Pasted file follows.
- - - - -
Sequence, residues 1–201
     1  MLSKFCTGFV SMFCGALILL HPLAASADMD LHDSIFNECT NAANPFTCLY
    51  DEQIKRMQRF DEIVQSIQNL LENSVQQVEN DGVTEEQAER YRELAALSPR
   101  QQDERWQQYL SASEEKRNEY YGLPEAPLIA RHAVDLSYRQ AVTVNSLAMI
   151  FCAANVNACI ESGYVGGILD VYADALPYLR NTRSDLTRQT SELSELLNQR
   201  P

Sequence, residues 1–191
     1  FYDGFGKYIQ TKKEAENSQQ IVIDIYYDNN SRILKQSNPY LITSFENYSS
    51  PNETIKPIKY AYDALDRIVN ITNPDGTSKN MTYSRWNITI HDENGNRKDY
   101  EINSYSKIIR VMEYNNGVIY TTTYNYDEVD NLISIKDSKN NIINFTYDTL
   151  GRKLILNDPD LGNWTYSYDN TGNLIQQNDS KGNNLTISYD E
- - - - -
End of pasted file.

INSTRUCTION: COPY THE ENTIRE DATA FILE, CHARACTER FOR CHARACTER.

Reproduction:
Sequence, residues 1–201
     1  MLSKFCTGFV SMFCGALILL HPLAASADMD LHDSIFNECT NAANPFTCLY
    51  DEQIKRMQRF DEIVQSIQNL LENSVQQVEN DGVTEEQAER YRELAALSPR
   101  QQDERWQQYL SASEEKRNEY YGLPEAPLIA RHAVDLSYRQ AVTVNSLAMI
   151  FCAANVNACI ESGYVGGILD VYADALPYLR NTRSDLTRQT SELSELLNQR
   201  P

Sequence, residues 1–191
     1  FYDGFGKYIQ TKKEAENSQQ IVIDIYYDNN SRILKQSNPY LITSFENYSS
    51  PNETIKPIKY AYDALDRIVN ITNPDGTSKN MTYSRWNITI HDENGNRKDY
   101  EINSYSKIIR VMEYNNGVIY TTTYNYDEVD NLISIKDSKN NIINFTYDTL
   151  GRKLILNDPD LGNWTYSYDN TGNLIQQNDS KGNNLTISYD E